[time-nuts] Measuring the accurcy of a wrist watch
df6jb at ulrich-bangert.de
Thu Apr 17 04:14:39 EDT 2014
many thanks for your help. Will give it a new try over Eastern!
> -----Ursprüngliche Nachricht-----
> Von: time-nuts-bounces at febo.com
> [mailto:time-nuts-bounces at febo.com] Im Auftrag von Tom Van Baak
> Gesendet: Mittwoch, 16. April 2014 19:44
> An: 'Discussion of precise time and frequency measurement'
> Betreff: Re: [time-nuts] Measuring the accurcy of a wrist watch
> > Tom,
> > can you explain what exactly you understand by "a large
> coil of wire"?
> Sorry, by large I meant a large number of turns; the coil
> itself is quite small. Rather the winding one myself I just
> used the pickup coil from an old cheap plastic self-impulsed
> pendulum clock. The wire is extremely fine and there must be
> thousands of turns since the spool diameter is only 15-20mm
> and the net resistance is 3.5k. Here are some iPhone photos I
> just took:
> > Did you make the easurements on the Junghans with a DIY
> sensor or with
> > one of the commercially available?
> Both. The commercial ones sold by Bryan Mumford are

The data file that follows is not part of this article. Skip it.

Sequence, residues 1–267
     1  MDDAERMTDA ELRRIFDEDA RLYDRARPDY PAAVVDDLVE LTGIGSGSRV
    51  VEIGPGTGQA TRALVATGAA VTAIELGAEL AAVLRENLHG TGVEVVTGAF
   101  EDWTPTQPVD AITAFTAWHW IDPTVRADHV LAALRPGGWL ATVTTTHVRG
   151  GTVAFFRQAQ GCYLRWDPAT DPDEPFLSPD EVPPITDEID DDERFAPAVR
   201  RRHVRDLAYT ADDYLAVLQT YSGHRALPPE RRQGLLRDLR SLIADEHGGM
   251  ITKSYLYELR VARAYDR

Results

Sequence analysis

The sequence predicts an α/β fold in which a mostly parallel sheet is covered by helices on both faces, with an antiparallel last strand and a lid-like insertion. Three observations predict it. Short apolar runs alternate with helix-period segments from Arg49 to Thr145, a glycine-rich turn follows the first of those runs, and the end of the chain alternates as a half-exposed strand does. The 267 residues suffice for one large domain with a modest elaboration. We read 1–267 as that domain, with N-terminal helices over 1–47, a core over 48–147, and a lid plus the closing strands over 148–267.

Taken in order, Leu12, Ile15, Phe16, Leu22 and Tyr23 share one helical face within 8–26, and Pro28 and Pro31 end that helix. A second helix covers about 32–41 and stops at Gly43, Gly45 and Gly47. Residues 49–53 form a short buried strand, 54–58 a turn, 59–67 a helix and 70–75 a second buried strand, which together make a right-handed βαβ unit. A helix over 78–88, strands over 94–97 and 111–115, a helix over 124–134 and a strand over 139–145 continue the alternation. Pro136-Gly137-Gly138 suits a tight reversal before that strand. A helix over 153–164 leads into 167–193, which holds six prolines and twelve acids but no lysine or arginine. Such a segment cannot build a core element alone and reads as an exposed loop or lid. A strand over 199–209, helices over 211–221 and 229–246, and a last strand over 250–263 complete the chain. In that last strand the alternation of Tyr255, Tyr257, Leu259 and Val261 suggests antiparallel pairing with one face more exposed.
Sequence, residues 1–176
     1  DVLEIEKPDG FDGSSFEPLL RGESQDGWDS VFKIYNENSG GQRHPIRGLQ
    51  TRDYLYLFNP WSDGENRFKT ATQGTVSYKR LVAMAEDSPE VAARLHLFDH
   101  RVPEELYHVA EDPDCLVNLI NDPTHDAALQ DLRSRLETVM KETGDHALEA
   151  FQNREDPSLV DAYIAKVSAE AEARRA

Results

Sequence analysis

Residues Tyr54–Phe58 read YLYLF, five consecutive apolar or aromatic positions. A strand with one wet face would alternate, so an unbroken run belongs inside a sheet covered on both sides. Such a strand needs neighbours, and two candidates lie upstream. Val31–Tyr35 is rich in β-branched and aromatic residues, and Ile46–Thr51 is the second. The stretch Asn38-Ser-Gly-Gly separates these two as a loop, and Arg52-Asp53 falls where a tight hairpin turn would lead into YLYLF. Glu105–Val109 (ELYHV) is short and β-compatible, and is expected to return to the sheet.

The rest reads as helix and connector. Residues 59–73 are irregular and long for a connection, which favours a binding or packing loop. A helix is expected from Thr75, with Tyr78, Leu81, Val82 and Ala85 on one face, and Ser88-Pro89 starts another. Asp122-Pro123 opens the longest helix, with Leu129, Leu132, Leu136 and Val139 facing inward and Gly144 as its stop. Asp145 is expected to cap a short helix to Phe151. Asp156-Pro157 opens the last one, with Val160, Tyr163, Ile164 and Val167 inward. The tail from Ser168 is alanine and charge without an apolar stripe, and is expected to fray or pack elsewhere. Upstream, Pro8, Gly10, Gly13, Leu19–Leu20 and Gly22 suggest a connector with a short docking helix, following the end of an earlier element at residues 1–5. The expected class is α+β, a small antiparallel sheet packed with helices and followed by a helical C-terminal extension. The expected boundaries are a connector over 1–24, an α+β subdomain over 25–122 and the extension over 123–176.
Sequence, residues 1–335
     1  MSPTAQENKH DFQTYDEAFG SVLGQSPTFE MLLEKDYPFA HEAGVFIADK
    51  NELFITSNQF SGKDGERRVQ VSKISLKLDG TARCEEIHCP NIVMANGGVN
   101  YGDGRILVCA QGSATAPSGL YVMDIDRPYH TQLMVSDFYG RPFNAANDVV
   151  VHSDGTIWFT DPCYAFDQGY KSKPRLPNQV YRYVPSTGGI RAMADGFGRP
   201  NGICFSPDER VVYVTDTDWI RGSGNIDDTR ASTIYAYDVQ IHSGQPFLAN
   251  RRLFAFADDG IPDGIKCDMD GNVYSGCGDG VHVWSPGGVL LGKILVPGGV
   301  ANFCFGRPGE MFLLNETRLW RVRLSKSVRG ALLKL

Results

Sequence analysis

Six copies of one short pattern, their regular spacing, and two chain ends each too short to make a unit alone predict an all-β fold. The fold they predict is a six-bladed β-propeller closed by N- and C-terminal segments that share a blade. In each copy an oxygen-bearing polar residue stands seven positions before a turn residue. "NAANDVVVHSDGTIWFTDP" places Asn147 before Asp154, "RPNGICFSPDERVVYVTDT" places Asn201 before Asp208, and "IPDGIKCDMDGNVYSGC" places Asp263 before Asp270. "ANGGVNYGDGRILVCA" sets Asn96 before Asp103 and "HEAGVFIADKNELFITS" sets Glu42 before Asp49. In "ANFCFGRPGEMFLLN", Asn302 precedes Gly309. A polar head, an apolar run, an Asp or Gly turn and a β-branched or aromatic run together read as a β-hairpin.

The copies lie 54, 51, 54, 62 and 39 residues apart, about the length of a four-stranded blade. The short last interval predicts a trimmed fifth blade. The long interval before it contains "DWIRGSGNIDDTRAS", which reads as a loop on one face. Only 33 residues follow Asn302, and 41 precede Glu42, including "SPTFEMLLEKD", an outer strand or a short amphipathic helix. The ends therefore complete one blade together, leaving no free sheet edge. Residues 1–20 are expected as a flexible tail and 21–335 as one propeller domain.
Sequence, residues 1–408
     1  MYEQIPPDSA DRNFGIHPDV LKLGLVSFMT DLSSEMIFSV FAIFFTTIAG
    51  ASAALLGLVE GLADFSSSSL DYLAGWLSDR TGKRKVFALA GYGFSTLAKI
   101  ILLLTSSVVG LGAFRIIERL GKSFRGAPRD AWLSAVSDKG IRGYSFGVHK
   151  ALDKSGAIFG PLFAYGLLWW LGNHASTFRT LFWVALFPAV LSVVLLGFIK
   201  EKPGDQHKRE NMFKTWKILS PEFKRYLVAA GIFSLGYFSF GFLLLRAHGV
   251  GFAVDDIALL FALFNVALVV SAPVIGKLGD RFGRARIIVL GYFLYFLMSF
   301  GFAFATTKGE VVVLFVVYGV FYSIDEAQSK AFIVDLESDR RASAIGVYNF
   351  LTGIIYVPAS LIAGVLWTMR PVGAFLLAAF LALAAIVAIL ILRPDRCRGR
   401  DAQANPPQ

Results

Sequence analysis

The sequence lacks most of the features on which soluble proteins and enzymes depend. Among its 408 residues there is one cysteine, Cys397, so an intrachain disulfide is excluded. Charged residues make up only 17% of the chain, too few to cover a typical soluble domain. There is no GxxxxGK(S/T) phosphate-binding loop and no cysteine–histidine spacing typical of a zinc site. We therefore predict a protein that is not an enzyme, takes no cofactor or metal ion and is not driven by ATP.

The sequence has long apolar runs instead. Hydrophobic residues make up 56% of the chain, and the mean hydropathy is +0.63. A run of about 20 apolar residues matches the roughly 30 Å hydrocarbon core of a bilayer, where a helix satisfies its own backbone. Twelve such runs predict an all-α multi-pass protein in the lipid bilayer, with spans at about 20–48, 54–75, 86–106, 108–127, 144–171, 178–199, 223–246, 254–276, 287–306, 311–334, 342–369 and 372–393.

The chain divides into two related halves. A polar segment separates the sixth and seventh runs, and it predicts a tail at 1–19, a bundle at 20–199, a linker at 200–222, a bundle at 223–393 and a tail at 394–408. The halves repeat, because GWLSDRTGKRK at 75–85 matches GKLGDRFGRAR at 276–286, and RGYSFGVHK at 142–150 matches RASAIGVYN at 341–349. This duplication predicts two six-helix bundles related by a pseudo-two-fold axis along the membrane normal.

> excellent; his instrument includes signal conditioning,
> adjustable high gain, and other useful features. It's meant
> for watchmaker types with no electronics background. It works
> perfectly out of the box.
> The Junghans wristwatch is extremely well engineered for
> long-life and the leaked magnetic signal is the weakest of
> any watch I've measured. Still, it can be measured. The
> placement of the pickup coil on the watch face needs to be
> optimized for best "reception", or any reception at all for
> that matter.
> By contrast, a typical AAA-battery desk/wall quartz clock
> movement generates a huge magnetic signal. It is so clean
> that you can clearly see both the start (+) of the impulse
> and the end (-) of the impulse about 30 ms later. In fact I
> suspect it's actually 31.25 ms, or 1/32 s, since that's 1024
> cycles of a 32.768 kHz oscillator. See:
> sensor placement:
> output to scope: http://leapsecond.com/pages/Junghans/coil-aa.gif
> > I have made some basic tests with a coil coming from a
> > cross over network. It has a few hundred windings, R=1.3
> Ohms, 2.3 mH,
> > but the only thing i receive with this coil is a strong 10 Mhz
> > signal...perhaps no real surprise in a time nuts laboratory.
> I suspect your 1.3 ohms means the number of turns is far too
> low. I don't see any RF here, nor even very much 50/60 Hz.
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